A whiff of what might come was in a report late last year when Solco reported a maiden quarterly profit followed by a forecast from Stone that turnover in the current financial year will hit $8 million with $1 million sticking as pre-tax profit. In five years, as the hot water business dominates and the old SES rump of solar powered water production tonks along, turnover is forecast to hit $100 million and pre-tax profit come in at between $8 million to $12 million.
Those predictions probably fall into the courageous category, but there seems no doubt that Solco has done what few green businesses ever do, survive. It is now doing what even fewer do, make a profit - thanks first to government inaction in the Maldives, and government action in Australia.
Speaking of game changing events that slip past with no-one really noticing, there is a similar set of circumstances unfolding at Avoca Resources, a small mineral explorer that broke free of its parent three years ago to only get lost in the wilderness and a flood of lesser floats.
Avoca’s problem is that it was seen as dumping ground for surplus assets acquired by Ian Buchhorn’s Heron Resources, a company which has tried manfully (failed division) to launch a laterite nickel project.
Ten months ago everything changed when Avoca won a competitive tender to buy a 178 square kilometre block of highly-prospective ground at Higginsville, halfway between Kambalda and Norseman. In keeping with such momentous events, investors duly knocked 0.5 cents off Avoca’s share price, trimming it from 16 cents to 15.5cents.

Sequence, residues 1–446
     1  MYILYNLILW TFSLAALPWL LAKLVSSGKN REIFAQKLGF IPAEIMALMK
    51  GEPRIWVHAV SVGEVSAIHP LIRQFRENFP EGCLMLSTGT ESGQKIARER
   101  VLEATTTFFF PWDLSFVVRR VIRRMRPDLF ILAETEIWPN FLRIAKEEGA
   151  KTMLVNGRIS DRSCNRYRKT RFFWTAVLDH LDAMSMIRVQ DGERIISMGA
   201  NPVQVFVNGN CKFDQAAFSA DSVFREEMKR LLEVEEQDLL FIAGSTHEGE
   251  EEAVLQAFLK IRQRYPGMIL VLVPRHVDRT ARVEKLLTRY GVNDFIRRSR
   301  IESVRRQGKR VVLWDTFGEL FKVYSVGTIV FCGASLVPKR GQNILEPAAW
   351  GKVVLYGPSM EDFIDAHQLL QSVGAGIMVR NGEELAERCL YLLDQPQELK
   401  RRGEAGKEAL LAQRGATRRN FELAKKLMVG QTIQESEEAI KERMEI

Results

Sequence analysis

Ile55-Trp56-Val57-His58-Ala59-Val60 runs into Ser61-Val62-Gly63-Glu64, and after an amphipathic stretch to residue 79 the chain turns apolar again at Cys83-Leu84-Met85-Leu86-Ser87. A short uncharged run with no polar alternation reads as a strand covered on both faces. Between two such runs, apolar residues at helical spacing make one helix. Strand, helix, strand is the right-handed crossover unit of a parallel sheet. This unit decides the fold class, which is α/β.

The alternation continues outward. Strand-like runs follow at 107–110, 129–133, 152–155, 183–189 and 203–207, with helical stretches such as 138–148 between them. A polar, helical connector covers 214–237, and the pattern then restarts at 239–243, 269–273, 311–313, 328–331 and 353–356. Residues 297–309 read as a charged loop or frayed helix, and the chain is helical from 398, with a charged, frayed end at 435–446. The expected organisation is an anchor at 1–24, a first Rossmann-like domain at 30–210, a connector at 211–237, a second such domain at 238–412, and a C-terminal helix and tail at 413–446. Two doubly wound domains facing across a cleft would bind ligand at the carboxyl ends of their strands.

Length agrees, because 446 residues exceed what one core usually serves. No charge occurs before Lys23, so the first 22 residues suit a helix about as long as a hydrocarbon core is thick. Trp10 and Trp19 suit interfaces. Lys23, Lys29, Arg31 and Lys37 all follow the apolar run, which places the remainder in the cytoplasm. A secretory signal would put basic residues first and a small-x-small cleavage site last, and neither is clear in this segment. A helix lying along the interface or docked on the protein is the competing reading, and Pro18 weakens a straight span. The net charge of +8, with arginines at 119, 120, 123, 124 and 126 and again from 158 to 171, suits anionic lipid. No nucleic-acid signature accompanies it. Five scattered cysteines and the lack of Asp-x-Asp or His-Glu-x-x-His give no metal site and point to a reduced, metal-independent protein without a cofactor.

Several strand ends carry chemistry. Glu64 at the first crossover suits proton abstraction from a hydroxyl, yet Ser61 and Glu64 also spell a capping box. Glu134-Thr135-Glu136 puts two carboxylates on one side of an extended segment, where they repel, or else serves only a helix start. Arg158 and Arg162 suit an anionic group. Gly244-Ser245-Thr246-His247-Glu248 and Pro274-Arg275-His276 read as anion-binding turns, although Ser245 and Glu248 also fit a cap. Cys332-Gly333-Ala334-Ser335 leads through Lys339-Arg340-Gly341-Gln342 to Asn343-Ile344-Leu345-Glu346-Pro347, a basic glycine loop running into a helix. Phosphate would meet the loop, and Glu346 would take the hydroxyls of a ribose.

A fresh look shows Avoca trading around 29 cents, almost double the post acquisition price, for a very simple reason. The Higginsville ground is returning extremely interesting drill results, which not only point to plenty of gold but which have geologists scratching their heads because it is unlike anything seen before in the region.
No resource or reserve estimates have been revealed but the style of mineralisation has been compared with that mined until a few years at Mt Charlotte, the last of the big underground mines at Kalgoorlie - not so rich, but thick.
In September, Avoca gave its first clue about what might lie at depth with drill intercepts from a structure dubbed Poseidon South Extended (PSE), including 11 metres assaying a very attractive 16.8 grams a tonne from a depth of 158 metres. The market liked that, pushing Avoca from 12 cents to 20 cents, before retreating back to 13 cents.
In mid-November, a second set of drill results was released, this time from a second structure called Trident and located about 70 metres from PSE. Best drill results this time included 54 metres assaying 3.5 grams a tonne (with a richer core of 12 metres at 11.4g/t) starting from a depth of 296 metres. These results pushed Avoca from 13 cents to around 23 cents, after touching a 12-month high of 25 cents.
Briefcase does not give share tips because it’s against the law. However, in the interests of an informed market it suggests that anyone interested dust off their eyeballs, visit www.avocaresources.com.au and make up their own mind about whether the company is on to something.
“Don’t assume that every sad-eyed woman has loved and lost - she may have got him.” Anonymous